This the second post from Charlie Margolis regarding how overinflated self-esteem and excessive praise affects our children.
Pedagogy today is far superior to what – for those who are old enough to remember – teaching was like when no one cared how we felt. Unlike the “good old days,” stellar students do not receive all the attention while those of less academic achievement are ignored. Learning disabilities are recognized and remediation is provided. Every child is expected to learn. However, this came at a price. Told that virtually everything they did was “good,” students began to believe the hype. Contrary to Galileo’s celestial science, each successive generation of students became more convinced that the sun does, indeed, revolve around them.
Language influences thought in subtle and overt ways. What we used to call self-confidence has been swallowed into the black hole of self-esteem. Defining self-esteem is like trying to hold air. It is supposedly a generalized feeling of self-worth and worthiness. In the early days of the movement, it was characterized by the acronym IALAC – I Am Loveable and Capable. Children were – and still are – told they can be anything they want to be. Unfortunately, that is simply not true. Everyone who shows-up for high school is expected to attend college, whether or not they can read, write and compute. Students are passed on to the next grade even if they have not mastered the material. Tracking was dissolved in favor of homogeneous grouping to preserve self-esteem. Harvard Professor Howard Gardner postulated a well accepted theory of multiple intelligences. The gist of it is that each of us is endowed with different innate abilities. To me, auto mechanics is like “rocket science.” Then again,” rocket science” is like “rocket science.” We need electricians, cooks and roofers just as much – maybe more – than stockbrokers and corporate raiders.
In his column, “I Just Work”, Rex Huppke discussed generational differences among employees. He noted that millennials – a segment of the population born between 1980 & 2000 – entering the work force, seem to have difficulty with personal interactions. A millennial told a story of how her boss had “yelled” at her. She was asked if the boss raised his voice or used profanity. “No,” she answered. When pressed to explain what she mean by “yelling,” she said, “Well, he was really firm and disagreed with me”. This brand of unrealistic thinking and inability to tolerate even the most benign kind of criticism is typical of children educated under the umbrella of self-esteem.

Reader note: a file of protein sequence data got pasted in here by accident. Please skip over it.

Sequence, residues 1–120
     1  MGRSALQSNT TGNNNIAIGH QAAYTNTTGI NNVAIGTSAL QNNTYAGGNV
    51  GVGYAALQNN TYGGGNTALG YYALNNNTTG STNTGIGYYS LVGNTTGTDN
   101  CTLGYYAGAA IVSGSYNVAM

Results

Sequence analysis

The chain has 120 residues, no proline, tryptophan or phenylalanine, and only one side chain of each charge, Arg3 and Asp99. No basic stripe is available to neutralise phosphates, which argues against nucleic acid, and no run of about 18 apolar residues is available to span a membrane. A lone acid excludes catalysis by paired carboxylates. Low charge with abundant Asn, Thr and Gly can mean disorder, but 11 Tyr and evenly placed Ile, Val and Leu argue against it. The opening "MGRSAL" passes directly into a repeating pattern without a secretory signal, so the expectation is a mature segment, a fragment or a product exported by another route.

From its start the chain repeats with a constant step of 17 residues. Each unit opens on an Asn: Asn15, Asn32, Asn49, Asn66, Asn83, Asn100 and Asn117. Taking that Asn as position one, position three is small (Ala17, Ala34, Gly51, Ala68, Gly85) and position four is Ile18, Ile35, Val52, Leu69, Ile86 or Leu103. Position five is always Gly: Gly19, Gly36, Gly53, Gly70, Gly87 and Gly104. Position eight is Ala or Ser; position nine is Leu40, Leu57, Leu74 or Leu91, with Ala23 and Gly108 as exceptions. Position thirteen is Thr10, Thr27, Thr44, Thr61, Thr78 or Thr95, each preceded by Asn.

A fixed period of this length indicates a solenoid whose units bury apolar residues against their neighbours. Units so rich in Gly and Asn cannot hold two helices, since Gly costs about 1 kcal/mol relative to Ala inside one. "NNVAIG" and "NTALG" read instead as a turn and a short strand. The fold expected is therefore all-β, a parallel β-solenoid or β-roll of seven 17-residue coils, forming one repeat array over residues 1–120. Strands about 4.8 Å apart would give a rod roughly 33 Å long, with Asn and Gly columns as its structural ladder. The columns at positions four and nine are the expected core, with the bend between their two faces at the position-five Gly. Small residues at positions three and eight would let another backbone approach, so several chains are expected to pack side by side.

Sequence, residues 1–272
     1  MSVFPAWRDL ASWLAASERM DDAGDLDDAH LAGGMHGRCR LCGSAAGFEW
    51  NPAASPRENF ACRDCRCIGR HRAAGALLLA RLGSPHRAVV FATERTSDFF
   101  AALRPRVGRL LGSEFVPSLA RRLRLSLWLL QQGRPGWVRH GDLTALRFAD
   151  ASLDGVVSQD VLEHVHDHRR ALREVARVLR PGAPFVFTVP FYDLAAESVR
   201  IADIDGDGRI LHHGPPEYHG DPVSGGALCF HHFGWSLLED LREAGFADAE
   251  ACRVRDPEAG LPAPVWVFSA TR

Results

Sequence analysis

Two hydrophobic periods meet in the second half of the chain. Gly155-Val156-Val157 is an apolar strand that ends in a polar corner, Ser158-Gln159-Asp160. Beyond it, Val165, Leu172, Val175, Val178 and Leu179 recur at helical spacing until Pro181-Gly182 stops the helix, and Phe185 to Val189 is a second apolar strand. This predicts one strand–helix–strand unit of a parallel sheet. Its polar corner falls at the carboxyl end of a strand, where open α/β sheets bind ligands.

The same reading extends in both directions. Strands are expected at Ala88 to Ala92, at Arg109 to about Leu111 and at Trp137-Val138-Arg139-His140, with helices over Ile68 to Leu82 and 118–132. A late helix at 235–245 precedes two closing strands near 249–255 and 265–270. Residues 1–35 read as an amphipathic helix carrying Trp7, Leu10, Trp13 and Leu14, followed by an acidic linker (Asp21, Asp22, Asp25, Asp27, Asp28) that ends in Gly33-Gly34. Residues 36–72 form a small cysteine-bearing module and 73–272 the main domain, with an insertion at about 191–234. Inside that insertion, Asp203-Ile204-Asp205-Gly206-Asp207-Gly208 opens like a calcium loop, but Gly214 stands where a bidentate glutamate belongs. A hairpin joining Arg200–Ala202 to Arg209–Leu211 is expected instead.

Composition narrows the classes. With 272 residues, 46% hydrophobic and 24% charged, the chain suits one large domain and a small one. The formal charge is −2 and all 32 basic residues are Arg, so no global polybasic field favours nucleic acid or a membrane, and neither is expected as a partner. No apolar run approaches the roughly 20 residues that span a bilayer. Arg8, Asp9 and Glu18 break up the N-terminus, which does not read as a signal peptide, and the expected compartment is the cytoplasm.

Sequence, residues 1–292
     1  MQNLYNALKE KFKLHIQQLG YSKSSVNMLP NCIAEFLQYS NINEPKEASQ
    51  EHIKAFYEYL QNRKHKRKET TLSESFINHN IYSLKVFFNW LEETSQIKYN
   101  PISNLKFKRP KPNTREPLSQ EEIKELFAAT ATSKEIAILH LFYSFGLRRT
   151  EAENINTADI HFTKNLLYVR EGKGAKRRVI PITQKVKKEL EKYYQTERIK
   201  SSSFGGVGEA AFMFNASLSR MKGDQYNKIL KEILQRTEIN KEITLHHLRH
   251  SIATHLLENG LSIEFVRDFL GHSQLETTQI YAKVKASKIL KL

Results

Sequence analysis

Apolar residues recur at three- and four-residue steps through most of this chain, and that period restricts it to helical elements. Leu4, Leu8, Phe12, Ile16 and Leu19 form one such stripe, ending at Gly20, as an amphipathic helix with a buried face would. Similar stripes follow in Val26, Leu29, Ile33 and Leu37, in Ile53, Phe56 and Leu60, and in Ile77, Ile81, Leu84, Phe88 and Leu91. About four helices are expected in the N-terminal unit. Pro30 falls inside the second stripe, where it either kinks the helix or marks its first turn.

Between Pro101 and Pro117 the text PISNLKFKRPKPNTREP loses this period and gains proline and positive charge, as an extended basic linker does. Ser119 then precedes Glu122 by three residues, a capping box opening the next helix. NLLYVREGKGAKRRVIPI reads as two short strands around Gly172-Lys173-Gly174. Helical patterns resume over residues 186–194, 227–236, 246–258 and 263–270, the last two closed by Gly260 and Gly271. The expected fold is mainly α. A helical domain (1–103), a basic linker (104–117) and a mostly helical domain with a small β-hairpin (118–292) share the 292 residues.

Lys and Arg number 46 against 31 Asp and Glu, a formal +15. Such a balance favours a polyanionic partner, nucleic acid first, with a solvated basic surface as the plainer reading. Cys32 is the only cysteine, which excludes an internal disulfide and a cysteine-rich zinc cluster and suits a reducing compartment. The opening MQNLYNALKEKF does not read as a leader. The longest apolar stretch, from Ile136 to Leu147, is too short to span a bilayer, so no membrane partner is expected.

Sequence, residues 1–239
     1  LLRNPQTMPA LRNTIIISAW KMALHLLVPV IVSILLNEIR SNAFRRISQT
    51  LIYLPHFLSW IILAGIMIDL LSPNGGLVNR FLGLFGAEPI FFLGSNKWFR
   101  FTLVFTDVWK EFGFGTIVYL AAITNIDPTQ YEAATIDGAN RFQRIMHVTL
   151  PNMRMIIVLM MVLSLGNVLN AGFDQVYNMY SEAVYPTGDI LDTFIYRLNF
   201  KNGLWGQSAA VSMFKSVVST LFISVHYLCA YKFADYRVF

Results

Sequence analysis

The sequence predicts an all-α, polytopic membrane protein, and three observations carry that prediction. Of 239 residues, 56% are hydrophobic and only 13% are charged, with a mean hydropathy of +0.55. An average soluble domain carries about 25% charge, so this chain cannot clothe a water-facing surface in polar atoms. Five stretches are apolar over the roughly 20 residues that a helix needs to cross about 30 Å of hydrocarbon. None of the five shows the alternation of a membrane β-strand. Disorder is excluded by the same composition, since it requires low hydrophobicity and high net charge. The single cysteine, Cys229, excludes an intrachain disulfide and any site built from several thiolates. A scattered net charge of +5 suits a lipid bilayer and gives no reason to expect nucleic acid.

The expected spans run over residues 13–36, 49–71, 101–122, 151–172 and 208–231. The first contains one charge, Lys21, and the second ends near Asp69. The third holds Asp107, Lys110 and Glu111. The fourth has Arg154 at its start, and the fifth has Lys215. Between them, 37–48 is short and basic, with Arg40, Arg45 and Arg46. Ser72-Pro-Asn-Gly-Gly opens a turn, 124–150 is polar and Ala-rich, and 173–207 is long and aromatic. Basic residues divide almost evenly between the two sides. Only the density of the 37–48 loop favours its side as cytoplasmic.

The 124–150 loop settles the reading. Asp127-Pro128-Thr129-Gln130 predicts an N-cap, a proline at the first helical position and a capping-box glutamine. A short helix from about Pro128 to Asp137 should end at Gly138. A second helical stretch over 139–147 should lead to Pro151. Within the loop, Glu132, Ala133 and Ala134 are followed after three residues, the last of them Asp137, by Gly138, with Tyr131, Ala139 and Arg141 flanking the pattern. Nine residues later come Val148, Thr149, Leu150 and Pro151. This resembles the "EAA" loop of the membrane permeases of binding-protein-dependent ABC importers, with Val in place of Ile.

Self-esteem, like everything else is desirable, in moderate doses; too little and an individual is defeated by the slightest resistance. It becomes a self-fulfilling prophecy that he/she will fail. Interestingly, an overabundance of self-esteem has the same effect, for different reasons. It used be that psychologists told students that bullies lacked self esteem. Subsequently, research revealed that bullies hold themselves in high regard. In other words, they feel empowered to do as they please, at the expense of others. High self-esteem is often associated with anti-social behavior. The child who had been showered with praise by parents and teachers is likely to overestimate his/her abilities. Again, research indicates that high self-esteem students tend to underachieve. Their sense of entitlement makes them believe everything they do is worthy of praise. Thus they do not put forth the effort or demonstrate the tenacity necessary to accomplish highly challenging tasks. Self-esteem is often confused with self-confidence which must be earned through practice, failure, trial and error. Generally, successful students are focused on the task at hand, rather than themselves. The traditional ideal of humility has been displaced by a “me first” attitude.
If you want to learn about a child, watch how he/she treats other children. Are they kind or dismissive? Do they share or exclude? Do they defend or attack? Are they humble or do they seek attention? Like a building under construction, a healthy sense of self is built brick-by-brick.
Eventfully, all balloons deflate because they lack substance. Nothing builds confidence like earned accomplishment.
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